Regenerative cassava field during a drought.

Conventional cassava field during a drought

These two fields were part of an experiment comparing industrial/chemical agriculture with regenerative agriculture. The fields were planted side-by-side with the same crop—cassava—and the fields were essentially identical at the start of the trial. Same starting soil, same geography, same farmers, same crop, same water, and same sunlight. At the time of planting an unprecedented drought hit the region: even though the test sites were in a rainforest region, there was no rain for six weeks. 

As the photos reflect, one field survived while the other suffered massive plant death. The field that survived was the regenerative field, so neither chemicals nor pesticides were applied to it. The other field—the dead zone—was treated with agrochemicals in accordance with agricultural best practices in Costa Rica. 

As the drought occurred immediately after planting the first crop in the experiment, we could not attribute the failure in the dead zone to diminished soil organic matter. If anything, the dead zone started with slightly better soils, and even slightly better populations of soil microorganisms. After the chemicals were applied, however, the microorganism populations in the dead zone—both bacteria and protozoa—plummeted, while in the regenerative site those microorganism populations rose. Those were the only differences between the fields, and it appears that the health of the soil food web in the regenerative field was enough to protect plant life during the severe drought.

Drought is the new normal. Farmers must contend with increasing and unprecedented weather extremes caused by climate change. We need all the help we can get, and the unseen trillions of microorganisms in a healthy field are there to help us weather the storm and to rebuild damaged soils. This can only happen once we see the forces of wetiko at work and dismantle its root cause in our culture, in our communities, in our governments, in our corporations, in our relationship to the Earth, and of course, in ourselves.

This essay is a part of the Seeing Wetiko series in partnership with The Rules, a global network of activists, writers, researchers, coders, farmers and others focused on addressing the root causes of inequality, poverty and climate change.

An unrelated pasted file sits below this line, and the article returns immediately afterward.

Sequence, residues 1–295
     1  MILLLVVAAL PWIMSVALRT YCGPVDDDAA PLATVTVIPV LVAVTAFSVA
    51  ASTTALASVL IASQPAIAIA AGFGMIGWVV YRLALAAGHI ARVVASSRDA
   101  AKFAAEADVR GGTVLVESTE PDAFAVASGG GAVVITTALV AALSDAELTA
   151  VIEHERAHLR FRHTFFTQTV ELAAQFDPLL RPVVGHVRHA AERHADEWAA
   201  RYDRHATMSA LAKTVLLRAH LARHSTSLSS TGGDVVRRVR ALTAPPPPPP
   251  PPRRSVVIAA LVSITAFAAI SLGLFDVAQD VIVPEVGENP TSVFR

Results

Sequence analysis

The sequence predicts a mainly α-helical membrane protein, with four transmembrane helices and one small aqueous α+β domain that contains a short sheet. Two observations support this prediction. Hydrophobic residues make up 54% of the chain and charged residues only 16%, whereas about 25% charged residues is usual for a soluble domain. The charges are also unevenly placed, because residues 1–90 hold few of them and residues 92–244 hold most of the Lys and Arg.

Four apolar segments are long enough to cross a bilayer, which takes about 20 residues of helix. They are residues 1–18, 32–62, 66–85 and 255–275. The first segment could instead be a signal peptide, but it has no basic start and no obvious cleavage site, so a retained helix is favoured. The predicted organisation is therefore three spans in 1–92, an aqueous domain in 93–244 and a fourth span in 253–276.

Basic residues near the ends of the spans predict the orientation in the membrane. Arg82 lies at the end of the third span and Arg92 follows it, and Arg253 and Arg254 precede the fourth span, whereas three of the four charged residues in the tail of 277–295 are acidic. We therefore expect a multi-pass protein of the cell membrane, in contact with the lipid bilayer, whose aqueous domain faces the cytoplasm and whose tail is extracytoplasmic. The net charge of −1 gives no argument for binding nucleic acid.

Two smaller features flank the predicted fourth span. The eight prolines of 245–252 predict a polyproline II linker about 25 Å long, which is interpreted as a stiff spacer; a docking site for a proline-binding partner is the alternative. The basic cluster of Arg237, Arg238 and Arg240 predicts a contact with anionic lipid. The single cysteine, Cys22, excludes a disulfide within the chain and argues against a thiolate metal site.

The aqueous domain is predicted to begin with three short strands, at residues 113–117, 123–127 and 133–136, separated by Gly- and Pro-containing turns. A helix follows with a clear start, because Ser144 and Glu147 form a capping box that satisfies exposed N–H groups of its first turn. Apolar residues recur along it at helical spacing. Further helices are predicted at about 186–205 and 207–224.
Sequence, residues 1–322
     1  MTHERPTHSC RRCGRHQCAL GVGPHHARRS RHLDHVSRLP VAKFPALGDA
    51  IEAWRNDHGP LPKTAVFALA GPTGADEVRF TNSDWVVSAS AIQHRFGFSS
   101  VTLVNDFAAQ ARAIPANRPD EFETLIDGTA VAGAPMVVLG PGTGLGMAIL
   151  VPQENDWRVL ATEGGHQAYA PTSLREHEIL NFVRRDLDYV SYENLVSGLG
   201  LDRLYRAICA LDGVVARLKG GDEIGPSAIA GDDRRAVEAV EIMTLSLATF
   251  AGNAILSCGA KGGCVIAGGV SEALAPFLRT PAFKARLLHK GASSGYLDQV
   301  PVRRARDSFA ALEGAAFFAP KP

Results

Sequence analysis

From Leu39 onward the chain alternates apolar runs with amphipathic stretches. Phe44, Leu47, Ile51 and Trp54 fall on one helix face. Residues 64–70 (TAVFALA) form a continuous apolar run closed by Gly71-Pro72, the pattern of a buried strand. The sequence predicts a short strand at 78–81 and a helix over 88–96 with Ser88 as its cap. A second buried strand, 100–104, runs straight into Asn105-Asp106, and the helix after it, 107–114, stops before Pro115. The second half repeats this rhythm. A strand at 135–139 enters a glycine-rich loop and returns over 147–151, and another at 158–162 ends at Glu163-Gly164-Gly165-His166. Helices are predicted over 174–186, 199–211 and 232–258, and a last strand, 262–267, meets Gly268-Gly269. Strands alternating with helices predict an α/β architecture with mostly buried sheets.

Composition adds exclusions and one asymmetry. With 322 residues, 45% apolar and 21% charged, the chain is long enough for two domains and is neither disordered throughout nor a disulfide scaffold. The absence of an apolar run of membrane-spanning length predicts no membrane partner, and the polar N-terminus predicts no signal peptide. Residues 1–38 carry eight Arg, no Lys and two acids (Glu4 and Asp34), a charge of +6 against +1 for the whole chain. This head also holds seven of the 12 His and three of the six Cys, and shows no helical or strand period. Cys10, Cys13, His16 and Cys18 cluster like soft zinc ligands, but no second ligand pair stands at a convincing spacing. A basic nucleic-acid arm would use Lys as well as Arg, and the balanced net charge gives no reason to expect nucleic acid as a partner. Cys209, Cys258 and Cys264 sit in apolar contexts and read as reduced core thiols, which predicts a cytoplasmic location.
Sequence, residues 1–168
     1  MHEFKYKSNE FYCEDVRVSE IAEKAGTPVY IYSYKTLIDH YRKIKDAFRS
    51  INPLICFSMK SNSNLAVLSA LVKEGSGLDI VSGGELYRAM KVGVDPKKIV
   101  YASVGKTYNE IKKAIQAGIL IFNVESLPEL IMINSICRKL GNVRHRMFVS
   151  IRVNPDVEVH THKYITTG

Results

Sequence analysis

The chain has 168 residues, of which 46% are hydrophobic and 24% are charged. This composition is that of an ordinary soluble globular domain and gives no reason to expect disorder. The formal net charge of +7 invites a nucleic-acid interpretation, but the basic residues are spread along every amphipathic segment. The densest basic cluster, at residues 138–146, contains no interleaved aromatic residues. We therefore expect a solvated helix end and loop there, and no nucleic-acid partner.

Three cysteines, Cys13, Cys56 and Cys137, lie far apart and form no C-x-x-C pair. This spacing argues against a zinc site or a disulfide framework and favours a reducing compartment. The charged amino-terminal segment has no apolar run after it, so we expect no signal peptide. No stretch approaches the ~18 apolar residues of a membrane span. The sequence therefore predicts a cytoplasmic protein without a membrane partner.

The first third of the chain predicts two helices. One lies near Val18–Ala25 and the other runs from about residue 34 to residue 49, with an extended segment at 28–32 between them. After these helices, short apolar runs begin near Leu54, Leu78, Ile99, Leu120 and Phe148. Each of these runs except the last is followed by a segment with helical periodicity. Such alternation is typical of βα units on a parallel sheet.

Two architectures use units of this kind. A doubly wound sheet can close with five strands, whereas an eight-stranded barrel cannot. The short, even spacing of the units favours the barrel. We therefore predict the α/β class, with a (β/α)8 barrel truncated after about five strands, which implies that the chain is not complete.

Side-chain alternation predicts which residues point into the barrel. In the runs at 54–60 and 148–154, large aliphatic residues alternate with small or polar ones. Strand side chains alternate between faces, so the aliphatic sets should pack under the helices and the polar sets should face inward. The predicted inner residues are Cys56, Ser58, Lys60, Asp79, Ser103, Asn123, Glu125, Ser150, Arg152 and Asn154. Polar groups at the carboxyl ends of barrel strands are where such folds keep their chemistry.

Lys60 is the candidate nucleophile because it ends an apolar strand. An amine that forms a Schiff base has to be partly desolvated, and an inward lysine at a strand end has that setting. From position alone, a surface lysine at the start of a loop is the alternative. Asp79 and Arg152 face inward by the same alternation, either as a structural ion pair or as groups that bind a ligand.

Our work is licensed under Creative Commons (CC BY-NC-ND 3.0). Feel free to republish and share widely.

Tom Newmark

Tom Newmark is co-owner, along with Steven Farrell, of Finca Luna Nueva Lodge in Costa Rica, a Demeter-certified Biodynamic farm and ecolodge that teaches regenerative agriculture. They are also co-founders of Semillas Sagradas, the foundational garden in the international Sacred Seeds Project,  that unites and supports living seed banks in medicinal plant gardens throughout the world. Tom is also board chair of the Greenpeace Fund USA, board chair of the American Botanical Council, the co-founder and board chair of The Carbon Underground, and a co-founder and steering committee member of Regeneration International.

Steven Farrell

Steven Farrell is co-owner, along with Tom Newmark, of Finca Luna Nueva Lodge in Costa Rica, a Demeter-certified Biodynamic farm and ecolodge that teaches regenerative agriculture. They are also co-founders of Semillas Sagradas, the foundational garden in the international Sacred Seeds Project,  that unites and supports living seed banks in medicinal plant gardens throughout the world. Steven has been an organic farmer in Puerto Rico, California, and Costa Rica for 40 years. He is a leader in the Biodynamic movement in Costa Rica, where he created a Biodynamic teaching center at Finca Luna Nueva. He is active in rainforest conservation on the Caribbean slope of the Costa Rican rainforest.